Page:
What would the failure of one or more critical applications
cost your business? That’s just the first of several important questions you need to answer to create a disaster recovery strategy
that gets your critical applications back online in the event of an
outage – and that keeps your company from becoming a scary
statistic in another analyst report.
;What is the likely cost of downtime
and data loss to my company?
The cost of downtime varies widely depending on the
industry you’re in and on the specific application(s) that go
offline. A media company, for example, might lose tens of
thousands of dollars for every hour its customer-facing website is unavailable, whereas an online brokerage might lose
millions of dollars for every hour its online trading application
The only way to accurately determine your cost of downtime is to conduct a business impact analysis and a risk
assessment for each business-critical application in your
The business impact analysis should quantify all the possible
costs resulting from downtime, including (but certainly not limited to):
u contractual penalties or lost bonuses, based on
service-level agreements (SLAs) or other contracts with
customers and partners
u lost customers or customer dissatisfaction
u damaged reputation
u loss or delay of new business opportunities
u increased expenses, such as overtime labor,
outsourcing, and travel costs
The business impact analysis lets you put a dollar cost on
every minute, hour, day, or week of downtime for each application so you can determine the specific amount of downtime your
business can tolerate.
A risk assessment examines each application’s vulnerability to
the various events that can cause downtime, from the mundane
(hard drive failures, hardware problems, Internet outages, data
connection issues, application crashes) to the cataclysmic (
malware or virus attacks, floods, tornadoes, earthquakes, blackouts,
terror attacks). Each type of event has its own associated recovery
measures and costs.
Together, the business impact analysis and the risk assessment
give you a clear, granular picture of the value of your applications
to your business – and help you determine and prioritize the elements of your disaster recovery strategy.
What are my recovery objectives?
Once you understand the potential costs of downtime and
the likelihood of particular threats, you can start to set recovery
objectives for each of your critical applications. There are three
types of objectives to you need to set:
;Recovery point objective (RPO). This answers the question, “How
many seconds, minutes, hours, and days of data from the point
of the outage can I afford to lose?” The answer depends upon the
application. If it’s a server that takes registrations for lead generation,
you may be able to tolerate a day or two of lost data based on what
you know about the cost of a lost lead. If it’s your e-commerce
system, a few minutes of data may be all you can stand. If you’re in
finance and you’re talking about a transactional system, you may not
be able to afford ANY data loss. A single lost transaction could cost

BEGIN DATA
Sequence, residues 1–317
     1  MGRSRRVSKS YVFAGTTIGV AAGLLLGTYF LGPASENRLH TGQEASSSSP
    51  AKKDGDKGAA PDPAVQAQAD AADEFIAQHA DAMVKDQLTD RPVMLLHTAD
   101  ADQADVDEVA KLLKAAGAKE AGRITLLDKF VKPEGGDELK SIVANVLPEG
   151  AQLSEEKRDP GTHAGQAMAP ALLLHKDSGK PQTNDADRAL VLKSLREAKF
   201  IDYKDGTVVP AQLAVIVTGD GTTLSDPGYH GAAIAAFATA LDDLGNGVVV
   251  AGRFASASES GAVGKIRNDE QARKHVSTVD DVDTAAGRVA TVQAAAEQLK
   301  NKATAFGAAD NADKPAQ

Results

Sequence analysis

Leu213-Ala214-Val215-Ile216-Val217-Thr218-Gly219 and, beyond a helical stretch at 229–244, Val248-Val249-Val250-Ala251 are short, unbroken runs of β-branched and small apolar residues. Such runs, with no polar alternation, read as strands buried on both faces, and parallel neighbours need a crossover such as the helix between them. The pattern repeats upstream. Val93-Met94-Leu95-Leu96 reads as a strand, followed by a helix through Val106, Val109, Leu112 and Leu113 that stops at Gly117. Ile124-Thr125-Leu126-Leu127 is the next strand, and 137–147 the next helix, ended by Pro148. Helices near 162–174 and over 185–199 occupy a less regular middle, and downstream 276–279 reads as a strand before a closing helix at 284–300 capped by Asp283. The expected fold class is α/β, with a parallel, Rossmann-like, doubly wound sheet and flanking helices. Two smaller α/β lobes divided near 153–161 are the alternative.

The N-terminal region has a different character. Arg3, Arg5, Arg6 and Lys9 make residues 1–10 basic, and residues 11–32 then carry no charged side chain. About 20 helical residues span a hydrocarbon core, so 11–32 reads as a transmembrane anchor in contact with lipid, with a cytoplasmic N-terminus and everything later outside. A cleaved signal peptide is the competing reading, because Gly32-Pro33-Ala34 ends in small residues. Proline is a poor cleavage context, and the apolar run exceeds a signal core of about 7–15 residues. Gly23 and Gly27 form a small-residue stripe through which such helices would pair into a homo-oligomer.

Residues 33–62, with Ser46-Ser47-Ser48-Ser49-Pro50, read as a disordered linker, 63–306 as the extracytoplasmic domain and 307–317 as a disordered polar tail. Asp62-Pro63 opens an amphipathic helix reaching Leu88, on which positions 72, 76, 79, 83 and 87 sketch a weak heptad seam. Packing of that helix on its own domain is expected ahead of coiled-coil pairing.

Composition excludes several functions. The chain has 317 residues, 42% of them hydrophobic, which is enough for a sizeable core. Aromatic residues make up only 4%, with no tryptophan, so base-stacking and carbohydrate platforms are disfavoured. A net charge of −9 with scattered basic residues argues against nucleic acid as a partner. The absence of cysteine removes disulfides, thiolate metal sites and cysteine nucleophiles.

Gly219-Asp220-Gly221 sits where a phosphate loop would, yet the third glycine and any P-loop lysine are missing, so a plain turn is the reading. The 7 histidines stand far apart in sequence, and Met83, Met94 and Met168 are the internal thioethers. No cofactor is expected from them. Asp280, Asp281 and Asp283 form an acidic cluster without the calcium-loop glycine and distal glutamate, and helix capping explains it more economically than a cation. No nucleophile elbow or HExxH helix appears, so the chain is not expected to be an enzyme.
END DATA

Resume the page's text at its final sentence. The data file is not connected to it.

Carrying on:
your business millions of dollars.
It follows that your RPO determines the frequency with which you’ll
need to replicate data from your production site to your disaster
recovery site. If your recovery point objective for an application is
one hour or less prior to disaster, you’ll need to replicate data at
least hourly. If you can’t afford to lose any data ever, you’ll need to
implement synchronous replication for that application. That is, you’ll
need to have your data written to the disaster recovery site at the
same time it’s being written at your production site.
;Recovery time objective (RTO). Your recovery time objective
answers the question, “How quickly do I need this application to be
back up and running after a disaster?” This answer is less about
data loss and more about having the application abilities available.
This will vary widely depending on the application and who uses it.
Your internal data warehouse may need to come back online in 12
hours; your customer-facing website may need to come back online
;Recovery capacity objective (RCO). This answers the question,
“how much computing capacity do I need to recover and by when?” It
depends on your collective RTOs, and as a result is usually phased
over time. For example, suppose your IT infrastructure has 50 virtual
machines (VMs) and 10 terabytes (TBs) of storage, and the whole
thing comes crashing down during a power outage or flood. At your
RTO of one hour, you may need 20 VMs and 5 TBs to support your
most critical application. You may be able to get along without your
entire capacity for another several days.
;What are my application and
Few applications are an island anymore; most draw on several other applications and services, within and sometimes
beyond your IT infrastructure. Your commerce application, for
example, might incorporate an authentication server, a product database, a database or inventory system from a partner or
supplier, accounting system, and more. You can’t successfully
recover this application without ensuring that the applications
on which it depends are running – or without recovering them,
if they’re not.